Typically, you will write your own module that will override methods in Apache::AuthCookieURL. These methods are described completely in Ken's Apache::AuthCookie. Your methods will be used to generate and validate session keys. You can use Apache::AuthCookieURL without overriding its methods and then AuthCookieURL can be used as a simple session manager.

With this module you should be able to enable session management for an entire site using <Location />, and then allow access to, say, the images directory, and also require password access to other locations. One issue at this point is that the session key is stripped from URLs in a Trans handler. So you would need to use cookies to use different session keys for different parts of your web tree.

Apache::AuthCookieURL adds the following features to Apache::AuthCookie.

  • URL munging

    If the PerlTransHandler is enabled in httpd.conf the session key will also be placed in the URL. The session will be removed from the URL if cookies are enabled on the next request. Typically, someone visiting your site with cookies enabled will never see the munged URL.

    To make URL sessions work you must use relative links in your documents so the client/browser knows to place the session key on all links. CGI scripts can also access the session information via the environment.

  • Simple Session Management

    If the login script is set to `NONE' with PerlSetVar WhateverLoginScript NONE then Apache::AuthCookeURL acts like a simple session manager: your module will provide a new session key if one is not provided with the request, or if the one provided is invalid.

  • Really Simple Session Management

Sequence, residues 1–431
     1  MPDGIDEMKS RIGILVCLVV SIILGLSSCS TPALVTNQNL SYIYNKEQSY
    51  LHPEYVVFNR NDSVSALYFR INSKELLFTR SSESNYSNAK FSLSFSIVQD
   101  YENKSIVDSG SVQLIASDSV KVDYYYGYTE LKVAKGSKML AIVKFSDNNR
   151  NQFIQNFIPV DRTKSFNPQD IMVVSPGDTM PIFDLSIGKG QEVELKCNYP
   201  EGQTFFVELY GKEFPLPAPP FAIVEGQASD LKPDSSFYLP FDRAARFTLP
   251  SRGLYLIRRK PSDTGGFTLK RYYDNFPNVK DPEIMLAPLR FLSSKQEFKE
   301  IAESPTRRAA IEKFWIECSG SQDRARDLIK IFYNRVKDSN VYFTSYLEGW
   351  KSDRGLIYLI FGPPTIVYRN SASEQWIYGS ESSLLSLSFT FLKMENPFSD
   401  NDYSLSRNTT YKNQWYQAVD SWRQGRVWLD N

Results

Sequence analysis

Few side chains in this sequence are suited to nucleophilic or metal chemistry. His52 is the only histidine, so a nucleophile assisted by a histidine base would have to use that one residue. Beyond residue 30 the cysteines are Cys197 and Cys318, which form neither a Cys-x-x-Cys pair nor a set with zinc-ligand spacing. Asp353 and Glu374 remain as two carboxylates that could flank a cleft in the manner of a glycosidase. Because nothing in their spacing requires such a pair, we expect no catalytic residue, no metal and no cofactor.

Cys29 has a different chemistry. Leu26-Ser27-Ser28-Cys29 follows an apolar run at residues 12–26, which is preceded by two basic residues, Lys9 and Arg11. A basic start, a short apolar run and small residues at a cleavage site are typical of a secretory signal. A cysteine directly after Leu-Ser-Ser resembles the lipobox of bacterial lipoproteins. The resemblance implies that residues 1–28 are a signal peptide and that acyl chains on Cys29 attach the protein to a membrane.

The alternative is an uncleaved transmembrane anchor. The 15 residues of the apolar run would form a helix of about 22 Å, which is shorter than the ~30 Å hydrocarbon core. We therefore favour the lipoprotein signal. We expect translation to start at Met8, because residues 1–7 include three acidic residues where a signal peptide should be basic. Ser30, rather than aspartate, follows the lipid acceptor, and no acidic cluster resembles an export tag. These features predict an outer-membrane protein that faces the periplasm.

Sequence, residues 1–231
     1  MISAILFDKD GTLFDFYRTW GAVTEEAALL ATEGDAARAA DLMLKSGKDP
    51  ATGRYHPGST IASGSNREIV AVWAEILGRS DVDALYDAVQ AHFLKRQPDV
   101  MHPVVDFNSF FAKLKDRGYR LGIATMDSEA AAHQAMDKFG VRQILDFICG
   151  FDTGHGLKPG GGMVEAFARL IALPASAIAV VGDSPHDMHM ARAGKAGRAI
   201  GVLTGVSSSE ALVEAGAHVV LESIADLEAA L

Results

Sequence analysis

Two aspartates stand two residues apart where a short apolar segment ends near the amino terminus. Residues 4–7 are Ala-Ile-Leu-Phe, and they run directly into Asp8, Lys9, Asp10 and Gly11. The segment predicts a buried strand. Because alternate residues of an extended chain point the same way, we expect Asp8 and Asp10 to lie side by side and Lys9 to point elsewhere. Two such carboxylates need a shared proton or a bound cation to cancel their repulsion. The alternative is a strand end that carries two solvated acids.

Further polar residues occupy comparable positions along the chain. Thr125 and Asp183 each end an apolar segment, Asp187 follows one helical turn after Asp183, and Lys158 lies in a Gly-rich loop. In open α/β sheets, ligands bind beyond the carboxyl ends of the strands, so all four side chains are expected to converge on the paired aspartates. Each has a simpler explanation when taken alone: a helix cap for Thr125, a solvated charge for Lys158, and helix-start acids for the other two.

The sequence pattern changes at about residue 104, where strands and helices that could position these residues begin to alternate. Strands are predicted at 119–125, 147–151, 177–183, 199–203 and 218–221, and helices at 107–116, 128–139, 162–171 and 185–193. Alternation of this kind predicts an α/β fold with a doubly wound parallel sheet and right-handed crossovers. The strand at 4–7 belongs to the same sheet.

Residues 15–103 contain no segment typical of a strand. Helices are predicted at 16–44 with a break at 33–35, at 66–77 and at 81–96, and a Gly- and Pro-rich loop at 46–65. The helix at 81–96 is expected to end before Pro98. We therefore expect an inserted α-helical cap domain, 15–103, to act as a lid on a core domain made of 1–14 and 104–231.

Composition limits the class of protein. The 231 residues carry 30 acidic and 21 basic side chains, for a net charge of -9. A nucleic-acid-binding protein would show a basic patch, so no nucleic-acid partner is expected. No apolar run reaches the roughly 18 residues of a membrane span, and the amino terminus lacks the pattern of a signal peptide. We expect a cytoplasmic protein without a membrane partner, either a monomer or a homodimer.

Apache::AuthCookieURL provides default authen_cred() and authen_ses_key() methods that generates a (questionably) random session key. This means you can use AuthCookieURL directly without subclassing for really simple session management without any persistence of session keys.

Unless you are not subclassing this module (and using the default methods provide), your own module must define two methods: authen_cred() and authen_ses_key(), and then subclass by including Apache::AuthCookieURL in your module's @ISA array. Again, please see Apache::AuthCookie for complete documentation.

  • authen_cred()

    This method verifies the credentials (e.g. username/password) and returns a session key. If the credentials are not acceptable then you can return a list, with the second element being an error message that is placed in a cookie. This allows your login script to display a failure reason. This method is needed since a redirect is done before your login script is executed again. Of course, this requires that the client has cookies enabled.

    Another method is to return a session key that is really an error code and generate messages based on that returned session (error) code.

  • authen_ses_key()

    This method's job is to validate and convert a session key into a username and return it. AuthCookieURL places the returned value into $ENV{REMOTE_USER}.


Configuration settings are set with the PerlSetVar directive:

    PerlSetVar WhateverExpires +90d

"Whatever" is whatever the current AuthName is set. I think I might remove this and instead just use the settings as Apache dir_merge returns them. In other words, if you want a setting to override a global setting, then use it within a <directory>, <file>, or <location> section.

  • AuthCookieURLDebug

    Sets the debugging level. Since some debugging info is generated in the Trans handler this needs to be set in the main httpd config. Default is 0.